That said, the goatee needs to go. Fox is using the moustache to garner lots of attention, and has even partnered with Movember this year.
The direction in this film surprised me. When Branagh was announced as the director attached to the project (back in the days when Depp was being rumoured for the role of HP), I was pleased. He’s not a good director, but he can do flash, he can boast over lavish sets and crank up colour filters and basically revel in style over substance. Remember Hamlet and Much Ado About Nothing? Both technically awful but sumptuous and beautiful. And, based on the 1974 version of Orient Express, with its panoramic shots and its equal claim to star power (the tagline was ‘The Who’s Who of the Whodunit!’), I figured the new film would be much in that vein — and that Branagh would be perfect to direct it.
So I was surprised and utterly thrilled to see the subject matter sensitively treated. A huge concern in this film is the distinction between good and evil — something that fascinated Agatha Christie throughout her career. After all, the victim in Murder on the Orient Express is described in the book as ‘tangibl[y] evil’, the backstory is based on a real case of child-murder, and the solution … well, even if you’re of the ultra-conservative ‘it’s just a puzzle!’ school, you can’t deny that the solution and how Poirot deals with it both have something to say about social justice and criminal justice. Unlike Sidney Lumet in 1974, Branagh in 2017 tackles these themes head on. From the opening scene, in which Poirot rounds up a priest, a rabbi, and an imam, then explains that the chief of police is framing them all for a crime, to the revelation of whodunit, with the suspects lined up in a parody of the Last Supper, there is an ambitious and sensitive focus.
And this is why it’s so interesting. Because the film could so easily have been flashy and panoramic, with each superstar actor having an Oscar-bidding five minutes, but instead it’s ended up a real ensemble effort, in which the story comes first. The film has the star power of the 1974 version but more substance, and the ethical urgency of the ITV version but more fun. And it goes without saying that it’s better than the 2001 US TV travesty starring Alfred Molina.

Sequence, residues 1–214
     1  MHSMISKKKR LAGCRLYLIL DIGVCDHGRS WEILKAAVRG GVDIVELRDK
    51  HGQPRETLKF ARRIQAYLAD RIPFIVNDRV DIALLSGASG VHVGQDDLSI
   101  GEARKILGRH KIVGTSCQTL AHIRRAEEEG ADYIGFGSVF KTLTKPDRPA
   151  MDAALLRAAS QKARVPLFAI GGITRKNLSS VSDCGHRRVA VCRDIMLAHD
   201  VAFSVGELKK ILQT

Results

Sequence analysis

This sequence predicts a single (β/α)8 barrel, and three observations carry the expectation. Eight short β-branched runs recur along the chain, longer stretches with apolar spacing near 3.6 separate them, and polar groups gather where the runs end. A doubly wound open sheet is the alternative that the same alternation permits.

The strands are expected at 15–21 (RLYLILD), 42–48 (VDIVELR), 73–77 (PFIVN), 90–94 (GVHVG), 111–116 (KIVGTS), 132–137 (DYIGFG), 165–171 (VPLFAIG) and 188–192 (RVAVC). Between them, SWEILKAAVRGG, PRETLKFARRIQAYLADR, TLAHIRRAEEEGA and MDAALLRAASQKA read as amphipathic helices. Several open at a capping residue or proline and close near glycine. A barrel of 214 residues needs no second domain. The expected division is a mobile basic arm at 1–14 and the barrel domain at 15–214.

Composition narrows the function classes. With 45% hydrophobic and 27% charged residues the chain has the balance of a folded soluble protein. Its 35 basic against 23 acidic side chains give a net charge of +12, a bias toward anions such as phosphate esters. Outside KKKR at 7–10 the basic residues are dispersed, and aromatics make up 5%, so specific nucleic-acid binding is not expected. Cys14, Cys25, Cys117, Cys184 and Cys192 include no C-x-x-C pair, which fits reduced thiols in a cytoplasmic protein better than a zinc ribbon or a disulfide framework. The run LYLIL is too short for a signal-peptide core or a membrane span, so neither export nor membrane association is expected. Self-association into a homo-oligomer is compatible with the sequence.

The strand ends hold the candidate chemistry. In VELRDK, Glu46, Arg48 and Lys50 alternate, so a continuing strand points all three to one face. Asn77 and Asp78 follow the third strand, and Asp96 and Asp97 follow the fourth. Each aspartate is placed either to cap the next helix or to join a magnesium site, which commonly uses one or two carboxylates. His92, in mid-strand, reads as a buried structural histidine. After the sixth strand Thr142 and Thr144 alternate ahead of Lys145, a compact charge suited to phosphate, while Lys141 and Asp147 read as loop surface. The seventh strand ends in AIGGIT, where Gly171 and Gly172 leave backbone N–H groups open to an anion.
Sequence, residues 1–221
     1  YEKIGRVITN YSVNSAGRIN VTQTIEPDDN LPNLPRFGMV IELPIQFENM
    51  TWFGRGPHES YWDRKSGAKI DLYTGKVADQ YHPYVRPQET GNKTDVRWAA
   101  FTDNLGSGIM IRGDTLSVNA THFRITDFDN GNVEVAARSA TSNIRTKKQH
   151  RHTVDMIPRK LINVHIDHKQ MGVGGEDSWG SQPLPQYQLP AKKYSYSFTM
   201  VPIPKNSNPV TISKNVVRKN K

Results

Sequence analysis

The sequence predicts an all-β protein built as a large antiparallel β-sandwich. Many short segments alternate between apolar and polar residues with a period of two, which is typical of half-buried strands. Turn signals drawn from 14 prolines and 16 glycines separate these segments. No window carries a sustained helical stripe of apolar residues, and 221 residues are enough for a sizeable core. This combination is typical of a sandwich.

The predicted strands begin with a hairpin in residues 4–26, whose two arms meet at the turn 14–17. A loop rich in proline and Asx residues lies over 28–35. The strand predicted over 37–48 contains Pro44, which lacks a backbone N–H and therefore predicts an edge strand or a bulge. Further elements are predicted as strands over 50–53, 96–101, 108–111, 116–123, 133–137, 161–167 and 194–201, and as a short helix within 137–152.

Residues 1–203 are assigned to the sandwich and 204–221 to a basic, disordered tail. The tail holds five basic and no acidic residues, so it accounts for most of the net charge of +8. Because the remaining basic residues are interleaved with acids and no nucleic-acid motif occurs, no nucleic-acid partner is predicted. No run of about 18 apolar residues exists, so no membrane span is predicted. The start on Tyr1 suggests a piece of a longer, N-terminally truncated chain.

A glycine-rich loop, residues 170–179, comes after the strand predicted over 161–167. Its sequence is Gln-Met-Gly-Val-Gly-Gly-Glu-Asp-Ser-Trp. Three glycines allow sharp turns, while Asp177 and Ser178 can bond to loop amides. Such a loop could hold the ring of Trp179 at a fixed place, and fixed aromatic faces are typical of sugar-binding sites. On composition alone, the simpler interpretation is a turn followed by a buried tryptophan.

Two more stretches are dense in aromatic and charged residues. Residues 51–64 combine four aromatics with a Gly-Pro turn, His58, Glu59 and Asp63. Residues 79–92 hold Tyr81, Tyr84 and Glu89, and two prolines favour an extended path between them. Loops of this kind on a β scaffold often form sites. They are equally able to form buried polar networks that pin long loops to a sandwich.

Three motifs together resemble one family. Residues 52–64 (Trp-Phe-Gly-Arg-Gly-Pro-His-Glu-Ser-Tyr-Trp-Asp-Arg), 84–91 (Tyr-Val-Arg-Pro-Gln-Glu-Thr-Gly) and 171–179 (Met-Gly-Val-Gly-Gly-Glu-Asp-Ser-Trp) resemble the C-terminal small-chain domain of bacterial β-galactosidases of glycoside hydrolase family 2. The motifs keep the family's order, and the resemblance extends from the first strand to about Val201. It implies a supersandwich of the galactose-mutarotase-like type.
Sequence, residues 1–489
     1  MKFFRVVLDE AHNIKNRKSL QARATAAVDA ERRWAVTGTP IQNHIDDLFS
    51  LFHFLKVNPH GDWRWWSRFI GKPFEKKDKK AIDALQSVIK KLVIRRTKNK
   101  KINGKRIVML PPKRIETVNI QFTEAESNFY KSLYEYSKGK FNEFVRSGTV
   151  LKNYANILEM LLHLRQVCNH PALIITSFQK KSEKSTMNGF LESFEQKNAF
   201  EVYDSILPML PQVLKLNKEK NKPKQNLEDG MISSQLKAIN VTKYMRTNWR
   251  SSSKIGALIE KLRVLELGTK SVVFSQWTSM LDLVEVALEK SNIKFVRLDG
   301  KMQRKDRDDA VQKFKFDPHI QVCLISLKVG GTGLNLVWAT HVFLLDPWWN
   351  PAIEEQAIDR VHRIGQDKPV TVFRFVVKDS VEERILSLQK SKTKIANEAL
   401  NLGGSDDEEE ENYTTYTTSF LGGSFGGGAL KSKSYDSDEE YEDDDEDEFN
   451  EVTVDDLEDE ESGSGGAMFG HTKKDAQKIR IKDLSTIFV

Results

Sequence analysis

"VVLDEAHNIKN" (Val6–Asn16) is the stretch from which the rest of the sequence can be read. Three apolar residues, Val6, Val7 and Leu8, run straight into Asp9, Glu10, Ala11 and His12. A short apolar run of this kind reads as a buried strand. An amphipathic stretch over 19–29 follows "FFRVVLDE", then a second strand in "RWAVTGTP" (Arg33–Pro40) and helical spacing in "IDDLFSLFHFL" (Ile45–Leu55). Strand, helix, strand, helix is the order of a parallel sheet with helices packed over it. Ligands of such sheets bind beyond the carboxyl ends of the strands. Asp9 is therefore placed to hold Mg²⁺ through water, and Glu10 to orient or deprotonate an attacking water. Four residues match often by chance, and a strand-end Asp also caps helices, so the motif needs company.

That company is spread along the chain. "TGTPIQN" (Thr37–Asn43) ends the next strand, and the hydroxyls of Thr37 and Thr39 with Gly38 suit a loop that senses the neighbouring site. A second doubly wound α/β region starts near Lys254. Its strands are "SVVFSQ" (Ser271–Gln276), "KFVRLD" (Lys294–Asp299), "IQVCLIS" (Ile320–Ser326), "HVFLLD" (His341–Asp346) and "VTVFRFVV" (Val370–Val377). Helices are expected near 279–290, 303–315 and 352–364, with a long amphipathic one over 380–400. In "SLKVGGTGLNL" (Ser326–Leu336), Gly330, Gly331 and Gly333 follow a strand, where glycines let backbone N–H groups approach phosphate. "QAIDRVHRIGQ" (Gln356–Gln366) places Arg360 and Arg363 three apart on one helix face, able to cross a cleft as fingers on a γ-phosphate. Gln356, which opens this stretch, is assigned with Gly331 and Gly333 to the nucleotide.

Speaking of the story, the writers have injected some action and a tiny bit of violence, clearly afraid swimming in stagnant waters with a crime-interviews-solution format. This is understandable, but I also see why so many people are cross that, for instance, Poirot chases a suspect down scaffolding, gets shot at twice, and uses his cane like an action man. There is also a second stabbing, which isn’t in the book. However, silly as these may sound, I don’t think they take anything away — and Poirot’s action is never out of character. That, I think, is crucial. He’s a man who does what he has to do, and he prefers to sit still and think, but sometimes that isn’t possible.
However… a note of caution. Because the writers are clearly so palpably afraid of getting boring, some things are sacrificed — such as major plot points. There is some confusion over a few key clues. This is hard to discuss without giving away the solution, but there are several red herrings. They are laid for very specific reasons — but Poirot never explains why. Instead they just exist and are then forgotten. Again, I can’t go into details, but if you know the story, keep an eye out for explanations surrounding the governess and the embroidered handkerchief. Because neither of these is properly explained.
There’s also an incredibly silly scene where Poirot has tea with Mary Debenham outside in the middle of a snowdrift. The idea is to break up the monotony of interior scenes, clearly, but they sit outside in the snow, and occasionally their hair changes colour because of the green screen. There’s a teapot between them, but neither drinks from it. Partly because — I imagine — the tea would have frozen(?!) but also because there are no teacups! It’s all very uncalled for.
None of this stopped me enjoying it, as someone who already knew the story very well. Judging by the annoying people who sat behind us in the cinema, it’s also extremely enjoyable if you don’t know the plot (or who Michelle Pfeiffer is, or what a rabbi is, or whether the Orient Express was a real train… there was very nearly a Murder at the Picturehouse). For a while now it’s been an open secret that Branagh wants to do Death on the Nile next, and this is directly hinted in the funny final scene of Murder on the Orient Express. Wallander fell through as Sir Kenneth’s retirement project, and he’s keeping an eye on how Orient Express fares. I hope it does well at the box office, if not critically, because I’d dearly love the franchise to continue.